Kelly McGonigal PhD joined Brain Science for a talk on A Miracle Cure for Willpower.
Strengthen Your Willpower Muscle
Willpower is the inner strength that enables you to make decisions and carry them out. It gives you the strength to take action and perform tasks and plans, despite inner resistance, discomfort, laziness or difficulties.
When there is willpower, there is determination, resolution, persistence, and the power of pushing yourself towards goals and achievements. Willpower is the ability to resist short-term temptations in order to reach long-term visions, or goals.
With this skill developed, you are in a better position to overcome procrastination and laziness, focus on what you are doing, and avoid unhealthy or unreasonable temptations. In short, Willpower is that control over self, or self-control. Take a closer look at how you may distinguish between the two.
A Moment on Willpower and Self-control
Although willpower and self-control both refer to the same mental process, the nuance implied by each is difference. Willpower is a muscular Nietzschean word for our ability to overcome whatever gets in our way through sheer personal force of mind. Self-control has more Orwellian doublespeak connotations. Self-control can be read as the ‘the self that is in control’ but it can also be read as ‘that which brings the self under control’Although willpower and self-control both refer to the same mental process, the nuance implied by each is difference. Willpower is a muscular Nietzschean word for our ability to overcome whatever gets in our way through sheer personal force of mind. Self-control has more Orwellian doublespeak connotations. Self-control can be read as the ‘the self that is in control’ but it can also be read as ‘that which brings the self under control’.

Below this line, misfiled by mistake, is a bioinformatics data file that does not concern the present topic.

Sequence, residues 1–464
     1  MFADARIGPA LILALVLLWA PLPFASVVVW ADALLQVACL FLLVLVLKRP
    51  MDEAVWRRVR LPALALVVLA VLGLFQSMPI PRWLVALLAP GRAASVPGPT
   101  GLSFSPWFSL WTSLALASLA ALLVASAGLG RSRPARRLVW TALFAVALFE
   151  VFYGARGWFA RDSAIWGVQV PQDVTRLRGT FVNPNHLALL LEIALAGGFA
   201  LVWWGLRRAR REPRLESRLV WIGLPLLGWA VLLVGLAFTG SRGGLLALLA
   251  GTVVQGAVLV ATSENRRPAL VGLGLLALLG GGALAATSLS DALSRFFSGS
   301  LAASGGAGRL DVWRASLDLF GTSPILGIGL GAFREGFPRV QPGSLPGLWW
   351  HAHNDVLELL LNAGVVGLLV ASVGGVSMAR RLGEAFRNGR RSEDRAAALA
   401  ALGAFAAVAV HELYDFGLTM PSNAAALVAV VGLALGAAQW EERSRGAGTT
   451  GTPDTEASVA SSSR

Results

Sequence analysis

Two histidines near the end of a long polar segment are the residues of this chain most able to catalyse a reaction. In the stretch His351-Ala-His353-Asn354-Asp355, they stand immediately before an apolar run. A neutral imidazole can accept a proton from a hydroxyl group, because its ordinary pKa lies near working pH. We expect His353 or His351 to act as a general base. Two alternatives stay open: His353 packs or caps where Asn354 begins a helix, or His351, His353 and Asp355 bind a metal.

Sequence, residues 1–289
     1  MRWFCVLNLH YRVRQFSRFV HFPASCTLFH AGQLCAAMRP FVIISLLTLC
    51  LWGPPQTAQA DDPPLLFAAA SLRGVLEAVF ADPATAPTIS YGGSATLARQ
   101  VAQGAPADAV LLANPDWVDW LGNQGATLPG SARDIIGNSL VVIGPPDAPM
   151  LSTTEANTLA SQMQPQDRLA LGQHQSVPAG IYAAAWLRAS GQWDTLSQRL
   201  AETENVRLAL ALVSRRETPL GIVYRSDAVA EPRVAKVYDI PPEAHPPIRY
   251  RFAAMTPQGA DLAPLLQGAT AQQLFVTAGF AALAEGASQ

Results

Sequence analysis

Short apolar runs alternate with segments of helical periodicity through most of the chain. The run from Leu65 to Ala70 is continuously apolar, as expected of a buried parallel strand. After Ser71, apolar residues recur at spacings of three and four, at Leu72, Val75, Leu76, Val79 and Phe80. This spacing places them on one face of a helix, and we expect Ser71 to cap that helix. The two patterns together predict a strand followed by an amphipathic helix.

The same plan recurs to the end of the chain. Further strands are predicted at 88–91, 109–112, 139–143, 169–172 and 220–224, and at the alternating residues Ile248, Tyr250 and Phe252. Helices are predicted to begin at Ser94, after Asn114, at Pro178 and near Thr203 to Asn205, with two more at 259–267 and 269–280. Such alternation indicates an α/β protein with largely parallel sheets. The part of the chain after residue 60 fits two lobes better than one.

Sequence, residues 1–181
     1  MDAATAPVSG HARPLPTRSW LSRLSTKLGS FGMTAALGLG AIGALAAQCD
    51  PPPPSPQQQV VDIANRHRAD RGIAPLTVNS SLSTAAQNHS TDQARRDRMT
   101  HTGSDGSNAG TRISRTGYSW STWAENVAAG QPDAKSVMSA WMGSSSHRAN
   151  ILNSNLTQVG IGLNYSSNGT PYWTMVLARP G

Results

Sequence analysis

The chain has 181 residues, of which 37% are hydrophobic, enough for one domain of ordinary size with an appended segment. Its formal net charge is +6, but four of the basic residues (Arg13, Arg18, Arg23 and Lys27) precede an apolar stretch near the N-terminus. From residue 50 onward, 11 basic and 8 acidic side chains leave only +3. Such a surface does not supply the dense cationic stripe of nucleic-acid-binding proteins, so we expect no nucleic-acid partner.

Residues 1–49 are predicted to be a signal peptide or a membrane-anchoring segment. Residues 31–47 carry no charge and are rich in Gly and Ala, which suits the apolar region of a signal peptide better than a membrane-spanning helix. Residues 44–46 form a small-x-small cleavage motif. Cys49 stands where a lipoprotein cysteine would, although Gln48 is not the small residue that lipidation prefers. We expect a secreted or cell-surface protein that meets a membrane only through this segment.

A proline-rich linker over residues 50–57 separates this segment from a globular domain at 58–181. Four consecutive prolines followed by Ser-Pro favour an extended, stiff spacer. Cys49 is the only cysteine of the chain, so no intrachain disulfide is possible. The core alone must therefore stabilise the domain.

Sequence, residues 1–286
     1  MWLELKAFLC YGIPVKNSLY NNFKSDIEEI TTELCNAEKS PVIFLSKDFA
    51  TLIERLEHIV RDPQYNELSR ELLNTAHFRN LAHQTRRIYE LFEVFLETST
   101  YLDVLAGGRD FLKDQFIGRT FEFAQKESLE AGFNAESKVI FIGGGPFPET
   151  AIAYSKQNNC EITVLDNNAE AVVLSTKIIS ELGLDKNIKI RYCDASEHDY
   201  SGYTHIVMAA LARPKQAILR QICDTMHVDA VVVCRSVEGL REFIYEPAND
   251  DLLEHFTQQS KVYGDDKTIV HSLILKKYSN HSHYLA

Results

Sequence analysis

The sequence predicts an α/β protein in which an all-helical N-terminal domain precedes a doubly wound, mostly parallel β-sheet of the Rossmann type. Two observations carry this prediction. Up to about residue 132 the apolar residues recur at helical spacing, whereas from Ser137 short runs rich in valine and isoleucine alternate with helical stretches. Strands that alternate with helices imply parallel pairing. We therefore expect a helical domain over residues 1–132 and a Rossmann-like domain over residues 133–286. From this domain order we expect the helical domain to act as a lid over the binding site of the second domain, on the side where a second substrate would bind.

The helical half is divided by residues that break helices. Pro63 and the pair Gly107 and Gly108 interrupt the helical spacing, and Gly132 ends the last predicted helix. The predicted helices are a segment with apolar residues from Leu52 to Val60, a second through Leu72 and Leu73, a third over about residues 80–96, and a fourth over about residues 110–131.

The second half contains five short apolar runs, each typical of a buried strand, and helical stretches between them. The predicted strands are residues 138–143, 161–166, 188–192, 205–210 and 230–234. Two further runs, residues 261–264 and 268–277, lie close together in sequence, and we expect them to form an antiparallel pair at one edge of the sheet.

Willpower is the #1 reason for not following through on desired change when participants were asked what about their abilities to make healthy lifestyle change. The lack of Willpower is a major reason we struggle to meet, and ultimately reach, our long-term goals.
Successful attainment of goals is linked to:
- Establishing the motivation to change and setting a clear goal.
- Monitoring the behavior toward the goal.
- Exercising willpower.
Who do You Listen to, The Angel, or The Devil
Willpower can be looked at as having a devil or and angel on your shoulder. The devil is the emotional, or impulsive response where quick and sudden actions are taken without considering the long-term implications. The angel, on the other shoulder, is the knowledge driven response. Here decisions are made with the knowledge of the sensations, emotions, actions, and goals. The impulsive devil most often wins over the rational angel. This is seen in a stressful response to a situation where we may avoid the response(choosing the right food) for the long-term benefit(improved cardiovascular health), and this results in the immediate gratification(satisfying The Sweet Tooth).
What does the Research tell Us about Willpower?
- Self-control, or discipline is a major indicator to success.
- Self-control is a major indicator to higher GPA, higher self-esteem, less binge eating and alcohol abuse and better relationship skills.